Gastric Bypass Procedures And Pictures

Submitted by: Craig Thompson

The following sections include descriptions of various bariatric surgery procedures and links to pictures of the procedures described.

Roux-en-Y Gastric Bypass Procedure

The Roux-en-Y gastric bypass procedure involves creating a stomach pouch from the upper portion of the stomach and attaching it directly to the small intestine, bypassing a large part of the stomach and duodenum. The small upper pouch restricts the amount of food that can be eaten. Directly connecting to the mid-portion of the small intestine prevents part of the calories that are eaten from being absorbed. Together this provides a 60-80 percent loss of excessive weight over a period of two years.

Lap-Band Gastric Bypass Procedure


The lap-band procedure consists of an adjustable silicone band being placed around the stomach to create a small upper pouch that restricts the amount of food that can be eaten. The band contains a saline reservoir, which is placed just beneath the skin and allows it to be adjusted. This procedure is the least invasive and therefore the least dangerous. Patients still lose 40-50 percent of excess weight over a period of two years. Since its approval, the lap band has been steadily gaining in popularity in the United States.

Vertical Banding Procedure

Vertical Banded Gastroplasty is a non-adjustable form of banding that uses staples to decrease the size of the stomach and restrict the amount of food that can be eaten. Instead of creating a small pouch at the top of the stomach, this procedure divides the stomach length-wise and makes it smaller. This procedure does not interfere with normal digestive processes and has less potential complications than gastric bypass surgery. Since the approval of the lap-band procedure, fewer surgeons are electing to perform vertical banding on their patients and its use is steadily declining.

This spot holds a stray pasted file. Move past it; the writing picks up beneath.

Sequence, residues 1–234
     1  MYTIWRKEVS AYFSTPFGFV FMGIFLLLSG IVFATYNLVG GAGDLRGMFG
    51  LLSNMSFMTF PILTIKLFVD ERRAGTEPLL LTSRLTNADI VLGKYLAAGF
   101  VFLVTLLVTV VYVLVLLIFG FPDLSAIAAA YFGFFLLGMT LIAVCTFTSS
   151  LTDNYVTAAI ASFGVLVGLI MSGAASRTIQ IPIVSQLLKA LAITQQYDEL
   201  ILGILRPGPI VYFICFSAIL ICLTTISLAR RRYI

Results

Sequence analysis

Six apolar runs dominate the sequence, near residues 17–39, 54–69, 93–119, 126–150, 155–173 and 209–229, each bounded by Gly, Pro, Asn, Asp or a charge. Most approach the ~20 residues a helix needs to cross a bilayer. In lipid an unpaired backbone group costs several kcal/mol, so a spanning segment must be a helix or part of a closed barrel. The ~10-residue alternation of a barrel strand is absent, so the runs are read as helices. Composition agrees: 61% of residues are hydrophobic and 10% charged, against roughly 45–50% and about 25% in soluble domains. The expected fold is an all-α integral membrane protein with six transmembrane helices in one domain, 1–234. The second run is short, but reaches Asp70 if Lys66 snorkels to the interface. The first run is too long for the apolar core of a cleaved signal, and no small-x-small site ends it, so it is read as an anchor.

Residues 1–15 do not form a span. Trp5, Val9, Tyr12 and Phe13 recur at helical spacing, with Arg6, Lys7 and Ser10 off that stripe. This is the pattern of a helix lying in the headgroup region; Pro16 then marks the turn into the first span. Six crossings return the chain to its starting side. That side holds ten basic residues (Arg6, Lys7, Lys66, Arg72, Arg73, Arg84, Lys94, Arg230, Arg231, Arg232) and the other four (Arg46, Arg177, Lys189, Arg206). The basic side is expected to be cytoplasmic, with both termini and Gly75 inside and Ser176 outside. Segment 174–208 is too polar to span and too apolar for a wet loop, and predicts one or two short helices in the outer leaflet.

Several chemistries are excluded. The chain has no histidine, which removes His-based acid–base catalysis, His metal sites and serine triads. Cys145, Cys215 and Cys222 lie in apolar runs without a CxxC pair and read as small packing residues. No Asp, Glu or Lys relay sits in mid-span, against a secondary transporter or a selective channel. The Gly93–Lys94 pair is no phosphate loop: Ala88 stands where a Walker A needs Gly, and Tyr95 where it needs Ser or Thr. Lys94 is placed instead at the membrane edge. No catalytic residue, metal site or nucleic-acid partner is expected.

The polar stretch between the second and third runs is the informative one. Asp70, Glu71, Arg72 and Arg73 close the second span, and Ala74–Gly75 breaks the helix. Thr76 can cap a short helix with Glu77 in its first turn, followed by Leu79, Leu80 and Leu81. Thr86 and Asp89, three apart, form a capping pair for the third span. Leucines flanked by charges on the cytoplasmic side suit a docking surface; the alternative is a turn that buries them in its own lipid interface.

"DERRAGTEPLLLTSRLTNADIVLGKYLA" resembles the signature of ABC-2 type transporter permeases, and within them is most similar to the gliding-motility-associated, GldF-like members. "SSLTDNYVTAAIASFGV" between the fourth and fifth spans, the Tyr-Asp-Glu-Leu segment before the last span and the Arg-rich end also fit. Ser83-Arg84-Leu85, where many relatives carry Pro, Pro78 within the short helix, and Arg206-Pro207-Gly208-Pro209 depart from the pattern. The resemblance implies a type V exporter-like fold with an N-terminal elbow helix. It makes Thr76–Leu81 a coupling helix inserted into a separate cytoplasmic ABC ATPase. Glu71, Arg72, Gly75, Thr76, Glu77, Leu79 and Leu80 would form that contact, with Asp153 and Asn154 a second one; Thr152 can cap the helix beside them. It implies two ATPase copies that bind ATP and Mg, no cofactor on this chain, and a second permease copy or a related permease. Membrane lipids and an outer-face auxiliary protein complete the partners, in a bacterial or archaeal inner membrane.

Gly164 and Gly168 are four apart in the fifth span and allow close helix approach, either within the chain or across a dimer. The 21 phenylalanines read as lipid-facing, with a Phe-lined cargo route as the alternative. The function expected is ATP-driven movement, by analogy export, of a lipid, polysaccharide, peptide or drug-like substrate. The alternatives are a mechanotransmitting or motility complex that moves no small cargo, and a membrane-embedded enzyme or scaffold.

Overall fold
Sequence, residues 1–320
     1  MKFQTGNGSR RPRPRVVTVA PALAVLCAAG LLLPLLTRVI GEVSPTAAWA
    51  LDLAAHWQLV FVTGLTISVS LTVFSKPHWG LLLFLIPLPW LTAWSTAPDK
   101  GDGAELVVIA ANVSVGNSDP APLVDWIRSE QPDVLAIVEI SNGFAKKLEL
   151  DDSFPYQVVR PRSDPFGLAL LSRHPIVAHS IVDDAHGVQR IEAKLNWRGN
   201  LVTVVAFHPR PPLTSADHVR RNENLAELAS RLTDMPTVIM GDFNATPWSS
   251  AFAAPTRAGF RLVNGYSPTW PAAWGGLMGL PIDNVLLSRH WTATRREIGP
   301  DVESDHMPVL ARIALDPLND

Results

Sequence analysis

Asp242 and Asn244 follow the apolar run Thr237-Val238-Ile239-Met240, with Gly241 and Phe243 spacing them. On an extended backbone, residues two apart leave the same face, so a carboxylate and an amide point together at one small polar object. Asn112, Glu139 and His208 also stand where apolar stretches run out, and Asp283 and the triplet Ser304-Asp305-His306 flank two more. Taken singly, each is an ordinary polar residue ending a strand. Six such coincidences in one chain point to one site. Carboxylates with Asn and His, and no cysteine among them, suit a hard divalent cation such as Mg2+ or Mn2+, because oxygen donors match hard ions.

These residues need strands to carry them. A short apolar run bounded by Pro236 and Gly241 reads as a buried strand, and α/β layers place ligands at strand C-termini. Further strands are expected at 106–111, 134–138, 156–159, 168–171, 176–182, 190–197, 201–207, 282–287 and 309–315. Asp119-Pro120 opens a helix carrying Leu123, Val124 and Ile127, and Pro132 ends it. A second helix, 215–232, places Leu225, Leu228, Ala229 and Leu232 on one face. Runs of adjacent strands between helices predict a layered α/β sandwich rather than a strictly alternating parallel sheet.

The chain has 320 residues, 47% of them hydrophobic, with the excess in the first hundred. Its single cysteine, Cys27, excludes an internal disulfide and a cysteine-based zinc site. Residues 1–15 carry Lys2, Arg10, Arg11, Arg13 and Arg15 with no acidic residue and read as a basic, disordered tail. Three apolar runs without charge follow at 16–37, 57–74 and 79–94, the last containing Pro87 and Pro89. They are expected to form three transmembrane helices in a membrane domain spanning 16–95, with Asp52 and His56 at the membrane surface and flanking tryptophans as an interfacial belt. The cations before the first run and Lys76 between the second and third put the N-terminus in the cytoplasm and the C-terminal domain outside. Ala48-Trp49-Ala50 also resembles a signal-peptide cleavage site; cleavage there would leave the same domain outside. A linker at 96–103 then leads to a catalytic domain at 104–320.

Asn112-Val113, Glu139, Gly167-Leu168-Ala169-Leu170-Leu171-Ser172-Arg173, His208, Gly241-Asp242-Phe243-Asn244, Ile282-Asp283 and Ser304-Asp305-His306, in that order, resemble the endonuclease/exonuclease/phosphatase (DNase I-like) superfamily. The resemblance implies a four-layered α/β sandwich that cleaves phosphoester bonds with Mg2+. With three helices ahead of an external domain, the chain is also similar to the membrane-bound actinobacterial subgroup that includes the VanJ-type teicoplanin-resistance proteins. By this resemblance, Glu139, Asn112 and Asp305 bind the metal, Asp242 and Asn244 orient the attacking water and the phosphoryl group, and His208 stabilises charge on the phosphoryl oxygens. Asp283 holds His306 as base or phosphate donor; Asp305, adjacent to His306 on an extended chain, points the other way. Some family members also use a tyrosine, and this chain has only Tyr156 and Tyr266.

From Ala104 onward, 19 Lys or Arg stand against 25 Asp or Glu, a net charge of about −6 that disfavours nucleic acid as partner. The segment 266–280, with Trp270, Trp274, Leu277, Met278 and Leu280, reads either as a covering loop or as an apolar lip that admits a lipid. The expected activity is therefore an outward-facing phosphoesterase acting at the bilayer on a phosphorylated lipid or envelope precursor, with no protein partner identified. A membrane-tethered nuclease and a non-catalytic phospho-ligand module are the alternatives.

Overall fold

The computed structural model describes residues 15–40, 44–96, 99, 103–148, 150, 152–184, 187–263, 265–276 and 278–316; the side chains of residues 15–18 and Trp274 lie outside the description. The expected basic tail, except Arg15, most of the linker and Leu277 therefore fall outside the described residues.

Duodenal Switch Procedure

Duodenal switch produces weight loss results far surpassing those of other severe obesity therapies. First, the stomach is made smaller to about one-third of its original size. Then, the intestine is divided into three pathways: two separate and a single common pathway. Food travels through the shorter pathway, directly to the large intestine, and bile from the liver is diverted to the common path of the altered digestive tract. This is one of the most invasive of all the procedures because it makes major, permanent anatomical changes to the patient’s digestive system. While this procedure is extremely effective, it carries a higher risk of complications than the others. As a result, it is rarely performed anymore.

Biliopancreatic diversion

Biliopancreatic diversion combines the removal of two-thirds of the stomach with a long intestinal bypass, which significantly reduces the absorption of fat. The patient can eat more than with any other operation and the eventual weight loss is greater. However, since most of the food is routed directly to the colon and never digested or absorbed by the body, the patient faces the risk of many severe and potentially fatal nutritional deficiencies. Consequently, even though it is an extremely effective procedure, biliopancreatic division is rarely performed today.

About the Author: Craig Thompson, better known as “Big T,” has a reputation for doing things in a mighty big way. The former sumo wrestler who used to tip the scales at 400 pounds has since reinvented himself as a singer and bandleader. As one of the earliest to have Gastric Bypass Surgery, in 1997, Thompson now helps others at


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